Tenant Responsibilities When Renting a House

Tenant Responsibilities When Renting a House

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Last Updated on January 4, 2022 by Kelvin Nielsen

When it comes to housing laws, tenants are the biggest beneficiaries. Since they are the ‘vulnerables’, the law tends to be inclined towards them. From legally enjoying a habitable apartment to a smorgasbord of other tenant rights, they are usually on the lucky end. 

However, just like landlords, tenants also have responsibilities. For instance, as a tenant, you’re responsible for paying rent, failure to which you can pay fines or face eviction. Also, if you cause damages, it’s your obligation to foot the repair costs

These responsibilities, among others, make work easier for the landlord and ensure their property remains in good condition. This article explores tenant responsibilities when renting a house. Let’s get down to it. 

1. Paying rent. 

This crops up at the top of the list because it’s probably your biggest responsibility as a tenant. The landlord’s rental property is a business and they’ll continue renting to you as long as you’ll pay rent. 

In addition, you should make rental payments on time. As you probably know, most landlords will charge you a late fee if you delay rent. This is the last thing you want because, aside from weighing you down financially, it will hurt your credit. When you pay rent on time, you’ll be on good terms with the landlord. This can make your renting life smooth. 

2. Taking good care of the property.

Even though maintenance is the landlord’s responsibility, you shouldn’t complicate it for them. As a good tenant, you should handle everything in the unit carefully to ensure it remains intact. This way, the landlord won’t have to spend a lot on maintenance and you’ll stay on good terms with them.

Some of the things to take care of include:

  • Appliances. Handle refrigerators, stoves, dishwashers, laundry machines, driers, and other appliances with care. 
  • Plumbing fixtures. Take proper care of plumbing fixtures such as faucets, toilets, and showerheads. 
  • Electric outlets, light switches, and light fixtures. 
  • Locks. Make sure that the locks remain in good condition. 
  • Doors. Avoid slamming doors as this might make them wobbly. 
  • Reporting repairs. 

Whether you’re at fault or not, you should notify the landlord about repairs as soon as possible. And just like you have notified them promptly, they should act in the same vein. Broadly speaking, if the damage poses a security hazard or causes inhabitability, the landlord should fix it ASAP. Otherwise, depending on the state you’re staying in, they can take up to 30 days to do so.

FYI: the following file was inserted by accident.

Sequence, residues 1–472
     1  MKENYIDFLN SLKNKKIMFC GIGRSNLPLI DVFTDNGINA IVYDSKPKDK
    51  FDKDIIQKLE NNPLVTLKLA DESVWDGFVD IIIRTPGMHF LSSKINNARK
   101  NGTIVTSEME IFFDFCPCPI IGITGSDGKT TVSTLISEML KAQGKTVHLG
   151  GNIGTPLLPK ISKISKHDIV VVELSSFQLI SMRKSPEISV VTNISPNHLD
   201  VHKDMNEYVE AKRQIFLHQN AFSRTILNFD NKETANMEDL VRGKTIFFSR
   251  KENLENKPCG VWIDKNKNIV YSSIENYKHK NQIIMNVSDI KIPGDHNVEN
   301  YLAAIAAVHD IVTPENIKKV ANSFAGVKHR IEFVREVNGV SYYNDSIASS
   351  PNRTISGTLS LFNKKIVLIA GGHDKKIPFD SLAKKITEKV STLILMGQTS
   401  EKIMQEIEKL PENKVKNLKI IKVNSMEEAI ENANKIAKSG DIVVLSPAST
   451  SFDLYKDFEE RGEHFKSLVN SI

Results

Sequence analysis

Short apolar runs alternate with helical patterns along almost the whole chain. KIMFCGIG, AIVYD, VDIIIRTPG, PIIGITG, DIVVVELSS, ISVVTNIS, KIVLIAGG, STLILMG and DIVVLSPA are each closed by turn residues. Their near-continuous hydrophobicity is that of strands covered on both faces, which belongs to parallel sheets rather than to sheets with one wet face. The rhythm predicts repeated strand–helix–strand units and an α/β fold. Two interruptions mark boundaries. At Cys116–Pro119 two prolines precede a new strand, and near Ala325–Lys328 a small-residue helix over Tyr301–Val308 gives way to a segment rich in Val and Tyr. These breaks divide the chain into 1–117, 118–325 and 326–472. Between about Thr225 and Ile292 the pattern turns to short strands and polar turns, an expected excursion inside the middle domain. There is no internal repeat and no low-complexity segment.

Now, if a landlord refuses to repair, you can pursue them legally or withhold rent. Also, in some states, you can contract a handyman to handle the repairs then deduct the damage from the rent. This is referred to as ‘repair and deduct’. 

3. Repairing or paying for damages you have caused. 

No matter how meticulously you handle everything, something will eventually break. Save for damages that result from age or normal wear and tear, the repair bill will be on you. 

Typically, landlords will deduct the repair cost from your security deposit. However, if the cost exceeds the deposit, you’ll have to pay the difference. If you don’t, the landlord can legally evict you besides taking other options. 

4. Keeping the landlord in the loop. 

Although you aren’t obligated to, it’s prudent to let the landlord know if you’re going to be away. This is because, for instance, during cold spells, they might need to turn on the heat to prevent pipes from freezing. Also, when you’re away, you can be late on rent. If they know you aren’t around, they can go easier on you. 

5. Getting insured. 

This isn’t mandatory in all apartments but it’s a good idea to insure your belongings. Apartments get vandalized, fires and floods happen and if you aren’t insured, you’ll be back to square one. Renter’s Insurance is typically inexpensive. Get insured and be on the safe side. 

6. Living peacefully with neighbors. 

Another obligation you have as a tenant is to respect the peace and quiet of neighbors. People want to live in a peaceful environment and if you’re continuously disruptive, the landlord can legally evict you. Some of the things you need to refrain from include:

  • Playing loud music. 
  • Partying rowdily. 
  • Allowing children to scream and run around the property. 
  • Letting your pets make noise. 
  • Heavy walking, especially at night, and more. 

Still, regarding quietness, most apartments have in place a ‘quiet hours’ policy. Typically, this begins at 10 pm and lapses at 6 or 7 am. During this period, you shouldn’t play loud music or make any kind of noise. Violating this policy can lead to fines or, after continuous warnings, an eviction. 

7. Disposing of garbage. 

This is a no-brainer. You shouldn’t allow garbage, waste, and other debris to pile up. Since you have paid for trash pickup under utilities, always set your garbage outside for collection. A garbage-free house feels fresh and conducive and is healthy to live in. 

While many tenants think that their responsibility is only to pay rent, there’s a myriad of other obligations, as well. From maintaining the property, reporting repairs to keeping the landlord in the know, there’s a lot to renting. As a tenant, you should fulfill all your obligations to make your renting life devoid of issues.